When asked to estimate their own intelligence, most people will say they are above average, even though this is a statistical improbability. This is a normal, healthy cognitive bias and extends to any socially desirable trait such as honesty, driving ability and so on. This pattern is so common that it’s known as “the above-average effect”.
In a recent study, my colleagues and I explored how consistently men and women estimated their own intelligence or IQ (intelligence quotient). We also assessed measures of general self-esteem and masculine and feminine personality traits.
We found the strongest predictors of overestimating IQ were biological sex and then psychological gender. Being born male and having strong masculine traits (both men and women) were associated with an inflated intellectual self-image.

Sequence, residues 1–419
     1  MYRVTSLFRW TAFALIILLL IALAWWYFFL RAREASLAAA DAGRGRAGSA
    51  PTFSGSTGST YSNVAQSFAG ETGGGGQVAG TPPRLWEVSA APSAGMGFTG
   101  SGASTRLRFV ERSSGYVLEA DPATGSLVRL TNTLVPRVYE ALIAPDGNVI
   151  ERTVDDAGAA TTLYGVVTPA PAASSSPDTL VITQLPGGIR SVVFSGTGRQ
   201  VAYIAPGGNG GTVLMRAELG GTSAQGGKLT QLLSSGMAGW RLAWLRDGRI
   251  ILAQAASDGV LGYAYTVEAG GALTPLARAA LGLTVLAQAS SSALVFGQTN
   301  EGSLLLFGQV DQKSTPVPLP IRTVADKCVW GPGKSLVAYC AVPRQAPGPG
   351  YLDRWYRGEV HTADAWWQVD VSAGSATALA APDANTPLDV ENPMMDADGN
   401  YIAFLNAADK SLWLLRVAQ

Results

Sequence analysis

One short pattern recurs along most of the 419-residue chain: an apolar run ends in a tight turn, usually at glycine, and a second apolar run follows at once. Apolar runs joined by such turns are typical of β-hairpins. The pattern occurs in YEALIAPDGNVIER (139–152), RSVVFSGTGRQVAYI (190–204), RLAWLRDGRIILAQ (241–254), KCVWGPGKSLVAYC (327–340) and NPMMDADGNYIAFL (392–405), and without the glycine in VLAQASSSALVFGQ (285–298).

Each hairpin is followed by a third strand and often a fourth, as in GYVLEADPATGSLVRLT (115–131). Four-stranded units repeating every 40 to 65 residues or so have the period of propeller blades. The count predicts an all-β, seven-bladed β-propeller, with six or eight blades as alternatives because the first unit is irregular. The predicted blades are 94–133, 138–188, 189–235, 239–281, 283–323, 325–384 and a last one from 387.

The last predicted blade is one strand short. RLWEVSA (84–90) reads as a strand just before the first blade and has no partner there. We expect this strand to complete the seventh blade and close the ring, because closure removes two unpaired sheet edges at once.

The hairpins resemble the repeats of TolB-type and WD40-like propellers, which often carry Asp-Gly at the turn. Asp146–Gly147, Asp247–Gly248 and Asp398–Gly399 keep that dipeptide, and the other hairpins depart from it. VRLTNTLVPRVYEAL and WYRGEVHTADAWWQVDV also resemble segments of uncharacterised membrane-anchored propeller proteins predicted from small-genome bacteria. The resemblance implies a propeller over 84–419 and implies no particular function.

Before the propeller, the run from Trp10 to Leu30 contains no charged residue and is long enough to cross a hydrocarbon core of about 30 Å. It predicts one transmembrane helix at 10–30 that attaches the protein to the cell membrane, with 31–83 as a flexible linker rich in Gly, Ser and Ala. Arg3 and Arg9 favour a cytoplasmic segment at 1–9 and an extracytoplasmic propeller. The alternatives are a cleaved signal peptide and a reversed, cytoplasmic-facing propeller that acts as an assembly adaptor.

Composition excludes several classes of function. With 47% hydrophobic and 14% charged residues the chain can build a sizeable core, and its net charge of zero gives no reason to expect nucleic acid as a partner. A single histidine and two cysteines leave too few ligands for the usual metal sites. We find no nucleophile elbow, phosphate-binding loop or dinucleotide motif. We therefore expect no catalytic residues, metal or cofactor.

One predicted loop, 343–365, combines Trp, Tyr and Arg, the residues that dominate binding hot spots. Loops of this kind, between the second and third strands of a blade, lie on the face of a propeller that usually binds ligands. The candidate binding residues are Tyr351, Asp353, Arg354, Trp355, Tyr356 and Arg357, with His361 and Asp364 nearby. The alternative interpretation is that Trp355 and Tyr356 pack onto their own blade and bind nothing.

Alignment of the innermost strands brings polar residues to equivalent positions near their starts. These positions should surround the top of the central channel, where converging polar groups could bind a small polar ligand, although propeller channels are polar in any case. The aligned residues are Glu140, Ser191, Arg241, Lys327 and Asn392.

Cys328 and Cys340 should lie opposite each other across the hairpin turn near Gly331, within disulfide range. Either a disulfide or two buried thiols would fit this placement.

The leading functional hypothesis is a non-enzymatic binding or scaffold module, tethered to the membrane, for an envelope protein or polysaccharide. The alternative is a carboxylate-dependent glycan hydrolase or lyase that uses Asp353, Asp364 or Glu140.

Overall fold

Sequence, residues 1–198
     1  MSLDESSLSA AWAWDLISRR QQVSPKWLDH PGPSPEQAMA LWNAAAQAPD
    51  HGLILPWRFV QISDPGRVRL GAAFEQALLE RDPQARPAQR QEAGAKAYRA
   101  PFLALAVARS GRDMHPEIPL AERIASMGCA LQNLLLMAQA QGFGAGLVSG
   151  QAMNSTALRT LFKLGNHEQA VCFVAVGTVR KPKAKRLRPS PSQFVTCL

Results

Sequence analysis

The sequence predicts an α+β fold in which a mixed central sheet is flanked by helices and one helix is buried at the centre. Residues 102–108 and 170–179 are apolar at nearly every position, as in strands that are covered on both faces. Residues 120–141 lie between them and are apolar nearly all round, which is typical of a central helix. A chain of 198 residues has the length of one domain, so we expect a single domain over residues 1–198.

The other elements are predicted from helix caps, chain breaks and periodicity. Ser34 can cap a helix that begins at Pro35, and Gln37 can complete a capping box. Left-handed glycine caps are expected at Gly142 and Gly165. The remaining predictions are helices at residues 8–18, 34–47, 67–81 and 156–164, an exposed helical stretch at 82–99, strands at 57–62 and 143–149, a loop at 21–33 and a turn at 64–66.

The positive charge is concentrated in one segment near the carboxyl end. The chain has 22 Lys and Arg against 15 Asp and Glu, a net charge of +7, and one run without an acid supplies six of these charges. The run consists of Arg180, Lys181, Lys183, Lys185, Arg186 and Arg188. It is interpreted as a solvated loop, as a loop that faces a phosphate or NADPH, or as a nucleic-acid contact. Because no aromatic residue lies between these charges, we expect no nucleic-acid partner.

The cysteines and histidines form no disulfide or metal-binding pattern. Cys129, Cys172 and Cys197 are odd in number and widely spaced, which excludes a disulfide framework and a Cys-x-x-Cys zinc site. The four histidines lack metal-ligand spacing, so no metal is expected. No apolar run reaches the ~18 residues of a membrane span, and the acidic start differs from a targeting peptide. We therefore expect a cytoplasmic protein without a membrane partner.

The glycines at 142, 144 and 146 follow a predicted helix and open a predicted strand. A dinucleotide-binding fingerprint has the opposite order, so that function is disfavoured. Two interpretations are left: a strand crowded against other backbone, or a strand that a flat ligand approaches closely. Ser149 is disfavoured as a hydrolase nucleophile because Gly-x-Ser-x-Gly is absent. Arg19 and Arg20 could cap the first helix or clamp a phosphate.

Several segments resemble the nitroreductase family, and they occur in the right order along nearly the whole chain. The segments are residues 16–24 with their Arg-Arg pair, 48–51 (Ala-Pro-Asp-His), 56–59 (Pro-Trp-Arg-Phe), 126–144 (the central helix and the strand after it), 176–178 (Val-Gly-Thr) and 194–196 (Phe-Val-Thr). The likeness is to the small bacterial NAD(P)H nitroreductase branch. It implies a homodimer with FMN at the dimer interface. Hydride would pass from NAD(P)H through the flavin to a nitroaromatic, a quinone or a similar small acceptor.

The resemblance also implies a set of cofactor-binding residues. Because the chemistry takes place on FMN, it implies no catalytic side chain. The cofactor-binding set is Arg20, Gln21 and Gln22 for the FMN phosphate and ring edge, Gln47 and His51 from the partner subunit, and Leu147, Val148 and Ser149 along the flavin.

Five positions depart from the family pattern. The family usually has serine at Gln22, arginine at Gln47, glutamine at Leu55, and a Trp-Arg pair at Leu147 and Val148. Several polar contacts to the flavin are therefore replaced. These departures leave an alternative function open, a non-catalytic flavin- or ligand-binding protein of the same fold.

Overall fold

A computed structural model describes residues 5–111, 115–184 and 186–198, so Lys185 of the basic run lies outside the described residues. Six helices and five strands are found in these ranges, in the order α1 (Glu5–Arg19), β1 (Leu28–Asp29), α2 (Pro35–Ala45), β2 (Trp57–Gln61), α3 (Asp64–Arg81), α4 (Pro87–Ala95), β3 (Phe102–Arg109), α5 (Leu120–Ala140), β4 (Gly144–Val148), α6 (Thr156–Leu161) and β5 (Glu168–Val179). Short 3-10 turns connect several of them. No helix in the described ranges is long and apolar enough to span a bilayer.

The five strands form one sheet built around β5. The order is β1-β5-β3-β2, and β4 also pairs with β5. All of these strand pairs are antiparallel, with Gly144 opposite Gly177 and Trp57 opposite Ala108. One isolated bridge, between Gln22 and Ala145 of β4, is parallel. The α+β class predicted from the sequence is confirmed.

Male hubris, female humility.
Despite people’s overall tendency to overestimate their own intelligence, individuals vary.
Some doubt their intellectual ability while others greatly overestimate their talents.
In general, though, when asked to estimate their IQ, men think they’re significantly brighter than they are, while women’s estimates are far more modest.
Our findings are consistent with those of other studies. Psychologist Adrian Furnham has termed this effect the male hubris, female humility problem. It’s true of many cultures.
Why do men see themselves as so much brighter, while women consistently underestimate their intelligence?
There are no gender differences in actual IQ.
Psychology and intelligence researchers are unequivocal: men and women do not differ in actual IQ. There is no “smarter sex”. However, it was only with the development of objective measures of assessing intelligence that this notion was invalidated.